I was torn between what CL2 wire to use, and finally settled on 18 gauge. This is the one I used in case you need more and want smaller wire. I was also after the same thing, a clean install with minimal wires in the cabinetry. I was at a friends over a holiday and he showed me his lighting and was so proud. He opened the cabinet and literally had wire on both sides, I was horrified and told myself I would never do it like that. So I drilled holes on the bottom lip into the walls, and snaked the line. Talk about a pain, but the job is as clean as it could possibly be. I have a power source at the exact same spot from old Undercabinet lighting, but its from the SABC so that's why I was asking about basement power. So glad I could do it that way safely.

Here is the wire I used in case you are still in the buying process:
Amazon.com: Monoprice 100ft 18AWG CL2 Rated 2-Conductor Loud Speaker Cable (For In-Wall Installation): Electronics
Reasonably priced, and ships 2 day amazon prime.

What LED's are you using? What switch?What power source? I'm going with the strip LED's on Amazon in warm white, and am considering a wireless switch. For power I have a 30 amp wall plug that works great, but I may switch it over to a transformer type power source depending if I want an actual switch in the wall or go with the remote control switch.
I agree, when I was doing my research I saw some really scary and sloppy installs! I didn't like the idea of a power supply hidden in a cabinet.

Got the same wire from a different seller. I used an online voltage drop calculator to determine the wire size then bumped it up one size.

I got my LEDs from an ebay seller since he has really nice aluminum housings that will look clean under the cabinets. I'll find his info for you. Thinking about going with RGBW for the wow factor.

Planning on using a remote control. Haven't picked a power supply yet. Depends what I find that works and looks the best.

Still doing other remodeling so the LED installation will be one of the last things done.

I will keep you posted here on what I find. Let me know how your project goes.

Rod
 
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Old 04-10-16, 07:50 AM
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Sorry guys, totally messed up the whole power requirements in that last post, it was super late and the technical specifics got jumbled. The power source I am considering using is a power brick you plug in, much like a laptop power brick. It is only 12V-2amp, not 30amp.

The LED's i'm planning on using pull 1.5W per foot, and I have about 16 feet worth. 18 gauge should be fine for that, no?

Rod, sounds like you and I are 2 in the same. We both like clean work, and research like crazy! AND are DIY type guys, cool.

What did you pay for your LED's? Have a link? Mine are just the plain jane strip with 3M tape on the back side. I considered fancier setups and the aluminum strips to bump the lights down a bit, then just settled. RGBW is way cool, but I know i'll never use it realistically so I just went warm white, but more power to you, disco party in your kitchen.

I bought a $5 remote control off Amazon that surprisingly works really good. I'm still debating on putting a dimmer in the wall with a 120V to 12V type power supply, but i'm still undecided. The controller worked so well, and a replacement would only be $5 if ever lost so it might be worthy.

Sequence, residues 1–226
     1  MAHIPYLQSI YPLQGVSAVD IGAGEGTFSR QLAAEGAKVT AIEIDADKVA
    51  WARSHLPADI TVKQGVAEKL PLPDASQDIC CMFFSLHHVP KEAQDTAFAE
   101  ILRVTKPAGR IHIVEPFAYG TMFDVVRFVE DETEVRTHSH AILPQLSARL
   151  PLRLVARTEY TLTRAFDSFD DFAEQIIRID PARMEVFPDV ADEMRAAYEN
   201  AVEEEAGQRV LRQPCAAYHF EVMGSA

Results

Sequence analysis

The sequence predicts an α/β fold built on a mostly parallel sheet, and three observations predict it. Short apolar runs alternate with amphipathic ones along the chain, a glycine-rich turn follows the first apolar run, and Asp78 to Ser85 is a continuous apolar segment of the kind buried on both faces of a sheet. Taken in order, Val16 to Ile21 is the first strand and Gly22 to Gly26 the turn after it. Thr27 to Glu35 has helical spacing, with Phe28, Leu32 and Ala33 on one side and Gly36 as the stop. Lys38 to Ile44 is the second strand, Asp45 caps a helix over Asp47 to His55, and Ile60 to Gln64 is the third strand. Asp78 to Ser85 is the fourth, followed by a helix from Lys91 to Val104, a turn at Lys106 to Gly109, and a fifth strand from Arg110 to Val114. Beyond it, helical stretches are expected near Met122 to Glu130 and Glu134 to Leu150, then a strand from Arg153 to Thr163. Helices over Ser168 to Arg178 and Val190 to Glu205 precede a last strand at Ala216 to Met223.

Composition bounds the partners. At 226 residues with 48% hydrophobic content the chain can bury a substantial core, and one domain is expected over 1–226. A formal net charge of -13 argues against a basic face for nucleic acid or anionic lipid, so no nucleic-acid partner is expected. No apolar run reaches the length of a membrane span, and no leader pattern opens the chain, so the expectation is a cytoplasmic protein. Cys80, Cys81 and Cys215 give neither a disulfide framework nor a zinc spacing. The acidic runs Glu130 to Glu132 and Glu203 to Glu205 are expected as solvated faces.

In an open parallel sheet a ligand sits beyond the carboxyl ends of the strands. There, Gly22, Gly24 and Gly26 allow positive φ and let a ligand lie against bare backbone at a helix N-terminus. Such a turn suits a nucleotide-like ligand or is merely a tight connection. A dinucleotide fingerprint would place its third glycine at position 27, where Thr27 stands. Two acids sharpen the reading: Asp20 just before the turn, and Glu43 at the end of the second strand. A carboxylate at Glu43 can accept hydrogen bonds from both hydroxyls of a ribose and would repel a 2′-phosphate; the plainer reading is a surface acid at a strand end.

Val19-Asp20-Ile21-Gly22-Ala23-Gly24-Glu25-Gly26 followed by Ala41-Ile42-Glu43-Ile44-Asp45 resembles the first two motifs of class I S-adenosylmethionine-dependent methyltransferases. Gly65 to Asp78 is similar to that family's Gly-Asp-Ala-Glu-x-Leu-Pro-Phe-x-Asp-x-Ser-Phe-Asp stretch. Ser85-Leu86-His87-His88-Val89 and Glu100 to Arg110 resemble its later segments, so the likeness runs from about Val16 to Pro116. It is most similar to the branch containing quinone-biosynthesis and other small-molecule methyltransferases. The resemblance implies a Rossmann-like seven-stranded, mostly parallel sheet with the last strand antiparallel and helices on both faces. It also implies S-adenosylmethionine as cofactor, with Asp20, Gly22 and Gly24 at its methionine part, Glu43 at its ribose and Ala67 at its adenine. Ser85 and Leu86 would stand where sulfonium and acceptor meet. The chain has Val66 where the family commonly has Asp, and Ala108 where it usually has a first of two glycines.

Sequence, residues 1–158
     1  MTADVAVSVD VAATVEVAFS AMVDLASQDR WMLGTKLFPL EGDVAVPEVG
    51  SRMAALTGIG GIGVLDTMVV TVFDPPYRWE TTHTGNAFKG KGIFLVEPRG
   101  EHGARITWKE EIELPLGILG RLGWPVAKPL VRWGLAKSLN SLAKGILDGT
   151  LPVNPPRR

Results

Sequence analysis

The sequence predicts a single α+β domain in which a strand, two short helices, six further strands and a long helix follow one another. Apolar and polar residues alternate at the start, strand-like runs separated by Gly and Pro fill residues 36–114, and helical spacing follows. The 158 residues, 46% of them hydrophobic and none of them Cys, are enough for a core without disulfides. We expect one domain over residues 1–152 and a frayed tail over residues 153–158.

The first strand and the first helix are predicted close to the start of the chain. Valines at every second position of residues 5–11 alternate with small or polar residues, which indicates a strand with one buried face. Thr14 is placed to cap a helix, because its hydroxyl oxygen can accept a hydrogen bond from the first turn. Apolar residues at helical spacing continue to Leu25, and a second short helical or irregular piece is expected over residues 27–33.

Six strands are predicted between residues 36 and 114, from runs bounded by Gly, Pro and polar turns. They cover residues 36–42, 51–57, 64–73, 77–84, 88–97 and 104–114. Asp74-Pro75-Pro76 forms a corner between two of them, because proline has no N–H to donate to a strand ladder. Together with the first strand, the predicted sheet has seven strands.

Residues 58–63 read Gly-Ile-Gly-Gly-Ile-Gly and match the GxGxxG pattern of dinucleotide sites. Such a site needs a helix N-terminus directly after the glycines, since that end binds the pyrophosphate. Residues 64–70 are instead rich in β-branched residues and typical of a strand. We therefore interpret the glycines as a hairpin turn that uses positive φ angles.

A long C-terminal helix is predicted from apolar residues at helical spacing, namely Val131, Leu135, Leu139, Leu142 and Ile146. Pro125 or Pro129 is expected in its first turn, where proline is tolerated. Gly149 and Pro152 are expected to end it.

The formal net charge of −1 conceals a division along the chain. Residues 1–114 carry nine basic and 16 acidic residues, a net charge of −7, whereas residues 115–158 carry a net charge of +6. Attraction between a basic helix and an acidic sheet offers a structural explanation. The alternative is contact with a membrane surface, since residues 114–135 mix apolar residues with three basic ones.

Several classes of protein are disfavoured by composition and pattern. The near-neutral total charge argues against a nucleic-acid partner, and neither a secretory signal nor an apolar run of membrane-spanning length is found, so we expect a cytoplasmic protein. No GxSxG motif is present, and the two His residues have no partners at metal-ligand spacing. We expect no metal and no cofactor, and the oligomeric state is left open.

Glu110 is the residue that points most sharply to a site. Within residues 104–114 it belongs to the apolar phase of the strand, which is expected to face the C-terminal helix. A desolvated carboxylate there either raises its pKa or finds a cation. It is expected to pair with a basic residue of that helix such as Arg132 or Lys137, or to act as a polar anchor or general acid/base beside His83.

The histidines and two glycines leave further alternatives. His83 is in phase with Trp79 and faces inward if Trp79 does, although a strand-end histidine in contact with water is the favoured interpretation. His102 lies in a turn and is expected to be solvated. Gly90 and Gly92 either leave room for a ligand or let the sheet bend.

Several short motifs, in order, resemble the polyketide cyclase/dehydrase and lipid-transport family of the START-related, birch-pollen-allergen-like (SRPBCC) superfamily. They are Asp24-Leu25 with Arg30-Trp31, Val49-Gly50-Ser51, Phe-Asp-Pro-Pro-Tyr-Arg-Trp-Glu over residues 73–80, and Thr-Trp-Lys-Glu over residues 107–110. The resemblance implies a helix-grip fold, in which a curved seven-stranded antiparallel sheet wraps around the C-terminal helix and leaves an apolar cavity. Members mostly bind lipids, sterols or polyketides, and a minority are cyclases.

What type of projects are you doing? I'm renovating my kitchen.
 
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Old 04-10-16, 08:01 AM
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I'm still debating on putting a dimmer in the wall with a 120V to 12V type power supply,
You would need to use a hard wired transformer. Code says a standard receptacle can not be on a dimmer. (There is an exception using a special receptacle but that requires also changing the plug and that can't be done on a power brick.)
 
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Old 04-10-16, 09:03 AM
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You would need to use a hard wired transformer. Code says a standard receptacle can not be on a dimmer. (There is an exception using a special receptacle but that requires also changing the plug and that can't be done on a power brick.)
Unrelated to undercabinet LED but related to dimming and you probably know the answer.

If I have an outlet that has the top wired to a switch and the bottom hot all the time, is it possible to use a dimmer on the switched side? Perfect example is outlets on either side of a bed.

I'm guessing code doesn't allow it but how could it be done to code?

Thanks for your help.
 
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Old 04-10-16, 09:17 AM
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I knew what you were talking about since I'm doing the exact same thing! Scary, we think alike!

I'll get you the link to where I got my LEDs and fixtures.

18ga should be ok if the distance from the power supply to the leds isn't too long. Here's a good link I found on voltage drop info.

What is Voltage Drop? 12V LED Strip light wire gauge calculation in long runs

I don't need the RGB LEDs but read about a guy who spent $70K on a kitchen remodel and his wife liked the cheap RGB under cabinet LEDs the best! Thought about resale and what a potential buyer would think.

I am remodeling the whole 1st floor of my house so the kitchen is included. If you search for my posts here you will find some on flooring and nailers. When I'm done with the 1st floor it's on to the 2nd floor. Shouldn't be quite as involved.

Good luck with your project and keep in touch.

Rod
 
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Old 04-10-16, 12:20 PM
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If I have an outlet that has the top wired to a switch and the bottom hot all the time, is it possible to use a dimmer on the switched side?
No, not a standard receptacle. By code you can use a non standard dimmer receptacle that on a special plug fits. In the picture below notice the stop on the top receptacle that prevents using a regular plug and the recess in the special plug for it.

Name:  Lutron-Electronics-Introduces-Dimmable-Receptacle.jpg
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  #18  
Old 04-10-16, 05:52 PM
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Interesting, you learn something new every day! Can't say I ever saw one. I did some research and it seems the code was changed in 2002 to address this. My house was build before 2002 so I'm good.

Thanks for the info.